600 or so runners and walkers stood around the starting line in a sort of purgatory as there was a delay for the runners who were waiting in line for the bathroom. I just listened in on idle chatter around me as I tried to keep from psyching myself out. I didn't want to think about the race anymore I just wanted to go. Finally the national anthem was completed and we were ready. Set. The gun went off and we were away.
I positioned myself near the front of the pack and near the outside. I looked at the results from last year and felt comfortable being near the front. In a race this short there is not time to wait for the crowd to thin out. I needed to be on pace immediately. There was no pacing myself. I just bolted and set a pace what felt like just below an all out sprint. I was shooting for a pace that I hadn't been really training for during marathon training. I needed to push it way past comfortable the whole time. We headed out for a loop through a neighborhood that would come back near the starting line to turn on to the bike path. That first mile was a blur. I had a nice long 4 mile warm up so I didn't feel stiff. I didn't feel great though either. I wasn't breathing very smoothly and my stride felt off, but I kept pushing it. Mile 1: 6:00 flat.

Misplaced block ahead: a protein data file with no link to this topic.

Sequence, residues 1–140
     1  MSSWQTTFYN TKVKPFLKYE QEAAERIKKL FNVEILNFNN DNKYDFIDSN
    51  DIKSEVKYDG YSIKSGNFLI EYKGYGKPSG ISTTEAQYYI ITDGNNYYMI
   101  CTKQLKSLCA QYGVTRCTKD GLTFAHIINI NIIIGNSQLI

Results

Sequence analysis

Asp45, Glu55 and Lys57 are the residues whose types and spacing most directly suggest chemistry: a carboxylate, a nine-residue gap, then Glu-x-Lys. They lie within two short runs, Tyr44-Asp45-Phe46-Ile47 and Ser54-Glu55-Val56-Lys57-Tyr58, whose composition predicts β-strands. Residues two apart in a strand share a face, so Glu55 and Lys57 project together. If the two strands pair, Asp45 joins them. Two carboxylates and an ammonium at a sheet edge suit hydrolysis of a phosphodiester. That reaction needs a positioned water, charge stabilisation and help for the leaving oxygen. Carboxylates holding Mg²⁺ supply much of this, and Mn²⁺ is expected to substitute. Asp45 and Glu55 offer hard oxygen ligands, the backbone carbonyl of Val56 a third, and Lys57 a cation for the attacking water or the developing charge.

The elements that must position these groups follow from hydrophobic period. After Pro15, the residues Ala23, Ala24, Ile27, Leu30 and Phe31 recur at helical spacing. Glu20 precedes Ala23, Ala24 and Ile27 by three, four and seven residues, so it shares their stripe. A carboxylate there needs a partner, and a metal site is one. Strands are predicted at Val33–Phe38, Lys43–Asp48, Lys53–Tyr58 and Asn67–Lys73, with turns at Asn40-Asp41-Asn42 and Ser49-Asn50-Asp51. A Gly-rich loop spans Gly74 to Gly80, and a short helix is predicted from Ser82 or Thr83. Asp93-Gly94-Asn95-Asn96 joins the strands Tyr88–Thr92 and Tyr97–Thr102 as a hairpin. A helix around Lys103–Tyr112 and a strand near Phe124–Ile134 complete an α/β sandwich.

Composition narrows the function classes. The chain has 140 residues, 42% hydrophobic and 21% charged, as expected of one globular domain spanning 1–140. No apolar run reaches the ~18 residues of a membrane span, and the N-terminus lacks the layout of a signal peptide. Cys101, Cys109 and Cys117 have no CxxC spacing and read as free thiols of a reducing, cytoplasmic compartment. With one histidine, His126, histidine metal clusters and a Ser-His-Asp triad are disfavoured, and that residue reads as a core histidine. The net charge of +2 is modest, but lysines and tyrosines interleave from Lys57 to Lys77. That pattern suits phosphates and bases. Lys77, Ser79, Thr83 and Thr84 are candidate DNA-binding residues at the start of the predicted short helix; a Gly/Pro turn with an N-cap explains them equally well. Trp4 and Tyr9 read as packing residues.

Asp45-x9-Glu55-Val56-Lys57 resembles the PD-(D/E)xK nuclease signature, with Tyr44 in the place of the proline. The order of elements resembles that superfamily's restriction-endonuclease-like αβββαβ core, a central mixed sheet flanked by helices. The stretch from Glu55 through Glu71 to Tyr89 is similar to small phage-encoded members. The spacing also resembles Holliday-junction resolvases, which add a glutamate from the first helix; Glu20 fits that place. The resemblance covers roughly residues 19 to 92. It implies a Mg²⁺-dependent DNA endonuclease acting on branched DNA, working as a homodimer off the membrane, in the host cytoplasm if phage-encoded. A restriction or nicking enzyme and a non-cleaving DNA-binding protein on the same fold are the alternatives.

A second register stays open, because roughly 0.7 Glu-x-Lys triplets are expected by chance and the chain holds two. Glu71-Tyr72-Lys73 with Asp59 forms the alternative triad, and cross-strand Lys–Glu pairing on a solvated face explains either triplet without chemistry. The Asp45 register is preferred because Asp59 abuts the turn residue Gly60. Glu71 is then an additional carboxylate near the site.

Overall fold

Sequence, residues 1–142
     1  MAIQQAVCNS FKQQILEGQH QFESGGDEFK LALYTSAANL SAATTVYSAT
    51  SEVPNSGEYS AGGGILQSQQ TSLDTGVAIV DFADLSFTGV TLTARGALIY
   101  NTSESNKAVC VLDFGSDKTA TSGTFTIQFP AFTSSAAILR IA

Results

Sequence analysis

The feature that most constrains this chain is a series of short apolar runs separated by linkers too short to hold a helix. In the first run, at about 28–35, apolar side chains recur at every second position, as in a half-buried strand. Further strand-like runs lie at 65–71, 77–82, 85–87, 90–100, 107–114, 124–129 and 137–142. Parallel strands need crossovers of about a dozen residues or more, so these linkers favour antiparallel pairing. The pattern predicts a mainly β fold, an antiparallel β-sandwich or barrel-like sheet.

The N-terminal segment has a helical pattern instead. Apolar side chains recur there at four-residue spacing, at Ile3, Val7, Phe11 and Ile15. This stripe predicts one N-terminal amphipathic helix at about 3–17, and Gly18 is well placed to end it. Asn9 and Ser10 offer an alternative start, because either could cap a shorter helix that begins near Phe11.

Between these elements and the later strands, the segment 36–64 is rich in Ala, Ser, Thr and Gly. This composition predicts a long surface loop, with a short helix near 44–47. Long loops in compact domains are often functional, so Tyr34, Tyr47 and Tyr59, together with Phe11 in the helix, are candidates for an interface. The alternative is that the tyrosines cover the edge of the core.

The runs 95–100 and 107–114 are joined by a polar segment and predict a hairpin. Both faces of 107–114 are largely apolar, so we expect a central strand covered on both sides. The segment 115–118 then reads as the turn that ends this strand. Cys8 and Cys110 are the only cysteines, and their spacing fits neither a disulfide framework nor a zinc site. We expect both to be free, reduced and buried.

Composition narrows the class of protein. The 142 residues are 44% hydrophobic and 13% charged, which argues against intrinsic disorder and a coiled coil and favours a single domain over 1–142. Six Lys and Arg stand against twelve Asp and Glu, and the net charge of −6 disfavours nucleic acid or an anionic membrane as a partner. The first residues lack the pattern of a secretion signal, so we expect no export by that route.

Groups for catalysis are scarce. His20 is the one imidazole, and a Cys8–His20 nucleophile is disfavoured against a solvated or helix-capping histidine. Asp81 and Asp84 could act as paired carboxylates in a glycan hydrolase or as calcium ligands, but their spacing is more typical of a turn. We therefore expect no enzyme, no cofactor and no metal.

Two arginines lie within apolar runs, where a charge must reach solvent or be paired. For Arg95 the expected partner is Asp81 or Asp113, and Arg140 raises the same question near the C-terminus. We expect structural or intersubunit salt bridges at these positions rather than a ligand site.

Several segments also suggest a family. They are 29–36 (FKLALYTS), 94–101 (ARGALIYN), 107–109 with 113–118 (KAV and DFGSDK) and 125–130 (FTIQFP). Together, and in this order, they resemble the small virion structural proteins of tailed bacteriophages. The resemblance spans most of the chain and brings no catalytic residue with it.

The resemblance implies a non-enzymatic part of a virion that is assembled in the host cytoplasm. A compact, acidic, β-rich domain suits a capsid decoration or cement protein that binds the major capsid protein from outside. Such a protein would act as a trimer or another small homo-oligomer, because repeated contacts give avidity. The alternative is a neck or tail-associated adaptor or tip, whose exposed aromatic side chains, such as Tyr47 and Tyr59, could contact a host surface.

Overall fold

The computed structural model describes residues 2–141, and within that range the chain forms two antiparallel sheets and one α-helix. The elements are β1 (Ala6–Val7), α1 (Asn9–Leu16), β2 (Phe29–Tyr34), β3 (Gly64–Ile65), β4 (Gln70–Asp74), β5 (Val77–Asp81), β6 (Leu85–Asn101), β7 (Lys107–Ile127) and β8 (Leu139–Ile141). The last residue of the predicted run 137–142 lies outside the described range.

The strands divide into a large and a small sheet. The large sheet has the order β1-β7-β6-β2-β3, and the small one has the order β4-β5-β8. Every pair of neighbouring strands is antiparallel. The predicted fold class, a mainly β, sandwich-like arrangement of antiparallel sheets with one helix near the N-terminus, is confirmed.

I was heading into mile 2 feeling pretty good. The super fast runners were steadily pulling away, but I wasn't being passed either so I wasn't panicked. We were turning on to the trail and my stride was feeling a little more in sync, but my breathing sucked. I was getting a solid case of cotton mouth building up and it wasn't helping matters. At some point around 1.5 miles I nearly choked on my own spit as I inhaled it. That didn't help. It also didn't help that I was already feeling fatigued and like I was all alone as I was in the no man's land between the super fast runners and the pack behind me. The long flat trail seemed to stretch out forever and time seemed to slow to a crawl. The turn around was a little past the two mile marker. Where was it? Time seemed to be creeping away. I grabbed some water from the water stop to try and clear out the cotton mouth and passed the mile 2 marker. mile 2: 12:46.